Coronavirus immunity can last for at least 5 months and maybe more, as per recent research. These new findings may seem contradictory to another research conducted by scientists in the UK this week, according to which coronavirus antibodies decrease very rapidly when a person recovers from the virus. But it is not really that contradictory because researchers believe that there is more than one wave of infection control within a human body.
A human body in response to an infection creates loads of immune compounds and some of them die off quickly, while others build up slowly and stay for long. The British study that showed decreasing antibodies in the months immediately after infection may have measured the first wave of the infection control because in the background there is a 2nd team working. The new report which was published on Wednesday showed that every 90 in 100 people who successfully recovered from the virus showed a firm antibody response.
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A professor of vaccinology at the Icahn School of Medicine at Mount Sinai and who also led the study Florian Krammer said that although there are reports claiming that coronavirus immunity vanishes quickly, his team has found the opposite, they have found that more than 90 in 100 people who were moderately or mildly infected had an antibody response that was powerful enough to defeat the virus, and this response stayed for many months. This information according to Krammer is very important for effectively developing the vaccine.
The researchers studied the coronavirus immunity in more than 30,000 patients who were tested positive for the virus at Mount Sinai’s Health System between the months of March and October. They categorized the antibody responses as high, moderate, or low. They found that more than 900 in 1000 people showed high to moderate levels of the antibodies to spike protein of the coronavirus. Spike protein is the structure the virus uses to grab the cells that the virus infects.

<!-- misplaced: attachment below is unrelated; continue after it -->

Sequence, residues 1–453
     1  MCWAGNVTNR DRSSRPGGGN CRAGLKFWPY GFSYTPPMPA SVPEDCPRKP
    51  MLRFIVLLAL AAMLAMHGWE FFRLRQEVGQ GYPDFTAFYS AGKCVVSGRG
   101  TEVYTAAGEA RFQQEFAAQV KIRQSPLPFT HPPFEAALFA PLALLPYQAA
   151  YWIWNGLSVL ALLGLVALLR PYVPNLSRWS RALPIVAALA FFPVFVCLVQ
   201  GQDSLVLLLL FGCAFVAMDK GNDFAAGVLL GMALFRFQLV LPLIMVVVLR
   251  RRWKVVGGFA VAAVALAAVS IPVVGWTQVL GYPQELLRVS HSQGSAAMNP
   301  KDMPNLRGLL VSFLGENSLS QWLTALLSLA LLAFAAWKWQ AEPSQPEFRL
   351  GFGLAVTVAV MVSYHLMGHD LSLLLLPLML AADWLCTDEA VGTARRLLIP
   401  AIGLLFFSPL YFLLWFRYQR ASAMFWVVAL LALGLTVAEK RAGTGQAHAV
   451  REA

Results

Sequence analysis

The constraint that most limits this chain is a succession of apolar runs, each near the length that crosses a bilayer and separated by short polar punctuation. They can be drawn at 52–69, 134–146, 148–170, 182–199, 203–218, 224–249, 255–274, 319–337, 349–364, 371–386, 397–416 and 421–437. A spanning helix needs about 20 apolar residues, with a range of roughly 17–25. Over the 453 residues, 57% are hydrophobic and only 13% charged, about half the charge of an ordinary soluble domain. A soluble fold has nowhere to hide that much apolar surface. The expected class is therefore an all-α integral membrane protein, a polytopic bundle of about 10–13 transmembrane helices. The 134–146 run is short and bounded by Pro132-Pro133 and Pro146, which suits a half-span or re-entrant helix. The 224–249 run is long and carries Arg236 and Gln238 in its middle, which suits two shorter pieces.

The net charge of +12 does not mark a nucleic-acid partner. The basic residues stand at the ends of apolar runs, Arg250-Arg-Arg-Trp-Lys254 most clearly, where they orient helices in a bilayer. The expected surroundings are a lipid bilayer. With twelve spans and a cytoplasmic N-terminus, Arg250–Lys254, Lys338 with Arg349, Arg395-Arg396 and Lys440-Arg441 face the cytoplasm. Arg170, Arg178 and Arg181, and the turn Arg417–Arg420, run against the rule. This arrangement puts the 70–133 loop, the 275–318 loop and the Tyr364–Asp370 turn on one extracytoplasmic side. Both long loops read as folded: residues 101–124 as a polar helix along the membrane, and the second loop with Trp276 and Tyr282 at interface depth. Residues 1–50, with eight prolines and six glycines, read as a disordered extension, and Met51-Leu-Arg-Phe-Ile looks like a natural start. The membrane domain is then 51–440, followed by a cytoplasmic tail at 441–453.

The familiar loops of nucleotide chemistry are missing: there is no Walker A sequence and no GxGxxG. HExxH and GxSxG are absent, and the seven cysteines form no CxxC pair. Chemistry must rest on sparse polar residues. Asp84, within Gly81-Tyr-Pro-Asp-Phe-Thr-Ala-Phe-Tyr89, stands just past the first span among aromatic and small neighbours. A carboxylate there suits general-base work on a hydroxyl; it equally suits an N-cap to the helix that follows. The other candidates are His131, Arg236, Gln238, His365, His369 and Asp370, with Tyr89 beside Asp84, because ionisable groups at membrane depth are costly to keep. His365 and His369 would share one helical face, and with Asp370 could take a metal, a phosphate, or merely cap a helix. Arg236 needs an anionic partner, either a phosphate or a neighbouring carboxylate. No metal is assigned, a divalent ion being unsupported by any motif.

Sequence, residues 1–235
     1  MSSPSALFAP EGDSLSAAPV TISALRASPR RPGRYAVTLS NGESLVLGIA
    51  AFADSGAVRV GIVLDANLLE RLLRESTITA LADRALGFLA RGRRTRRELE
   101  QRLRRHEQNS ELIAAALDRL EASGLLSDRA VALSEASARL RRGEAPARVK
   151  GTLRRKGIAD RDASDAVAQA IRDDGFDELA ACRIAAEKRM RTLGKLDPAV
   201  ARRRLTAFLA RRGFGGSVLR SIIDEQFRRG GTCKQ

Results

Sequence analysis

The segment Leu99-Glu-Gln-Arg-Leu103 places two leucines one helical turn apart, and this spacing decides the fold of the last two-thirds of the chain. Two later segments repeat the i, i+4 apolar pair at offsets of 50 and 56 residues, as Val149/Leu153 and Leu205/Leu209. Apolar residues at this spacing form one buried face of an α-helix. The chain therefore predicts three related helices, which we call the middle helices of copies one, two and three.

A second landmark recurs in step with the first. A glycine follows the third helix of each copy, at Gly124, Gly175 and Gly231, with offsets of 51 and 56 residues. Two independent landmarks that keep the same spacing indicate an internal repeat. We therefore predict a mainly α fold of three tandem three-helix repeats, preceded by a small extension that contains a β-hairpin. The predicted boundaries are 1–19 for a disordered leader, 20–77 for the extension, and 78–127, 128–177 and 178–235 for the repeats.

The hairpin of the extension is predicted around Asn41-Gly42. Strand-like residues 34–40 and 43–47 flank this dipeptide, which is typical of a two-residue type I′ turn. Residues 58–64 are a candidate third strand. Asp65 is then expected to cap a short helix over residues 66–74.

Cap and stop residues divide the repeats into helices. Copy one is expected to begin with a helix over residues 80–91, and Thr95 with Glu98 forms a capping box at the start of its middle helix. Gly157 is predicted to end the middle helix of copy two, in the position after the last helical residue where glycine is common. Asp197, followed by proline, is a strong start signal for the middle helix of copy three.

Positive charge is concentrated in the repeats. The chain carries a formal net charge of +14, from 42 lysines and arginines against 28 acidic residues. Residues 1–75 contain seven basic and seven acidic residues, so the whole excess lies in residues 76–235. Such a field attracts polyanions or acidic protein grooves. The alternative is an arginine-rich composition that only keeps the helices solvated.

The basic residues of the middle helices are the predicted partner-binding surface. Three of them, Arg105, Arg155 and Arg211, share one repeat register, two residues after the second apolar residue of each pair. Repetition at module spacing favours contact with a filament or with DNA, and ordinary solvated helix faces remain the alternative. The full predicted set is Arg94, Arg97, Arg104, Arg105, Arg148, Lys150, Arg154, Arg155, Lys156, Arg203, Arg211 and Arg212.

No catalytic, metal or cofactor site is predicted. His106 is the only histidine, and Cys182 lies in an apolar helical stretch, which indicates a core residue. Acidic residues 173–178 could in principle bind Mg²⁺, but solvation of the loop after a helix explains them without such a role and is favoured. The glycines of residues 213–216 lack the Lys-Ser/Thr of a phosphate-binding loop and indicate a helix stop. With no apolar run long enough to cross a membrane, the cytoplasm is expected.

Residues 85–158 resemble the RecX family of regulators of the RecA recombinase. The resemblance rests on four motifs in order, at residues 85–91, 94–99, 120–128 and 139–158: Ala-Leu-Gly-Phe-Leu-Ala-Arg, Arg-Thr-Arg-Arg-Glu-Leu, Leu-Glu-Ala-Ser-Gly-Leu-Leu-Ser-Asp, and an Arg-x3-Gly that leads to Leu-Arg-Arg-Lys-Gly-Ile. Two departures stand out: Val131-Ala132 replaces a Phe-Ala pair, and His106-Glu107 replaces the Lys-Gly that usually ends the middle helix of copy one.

The team of researchers then closely monitored 121 people who had recovered from the virus and also donated their convalescent plasma, initially three months after they first showed the symptoms and secondly again after five months. The team found that there was some drop-off in the coronavirus immunity as some of the antibodies decreased but some other antibodies persisted, the researchers reported in the journal Science.
The human body’s immune system does not only muster the antibodies for protection against any infection but the antibodies only act as an essential first line of defense. According to the team, the study doesn’t provide any conclusive evidence that the antibody responses will protect from reinfection, but there is a strong possibility that they decrease the chances of reinfection.
Coronavirus has not been around for a year yet, so scientists are still studying it. There are some stories about people getting reinfection but they are unreliable and very rare. It would be much easier of getting rid of the epidemic if people who have recovered from the virus developed permanent immunity as with some other viruses like measles and smallpox, as once a person gets infected, he gets sterilizing immunity meaning he becomes immune for as long as he lives.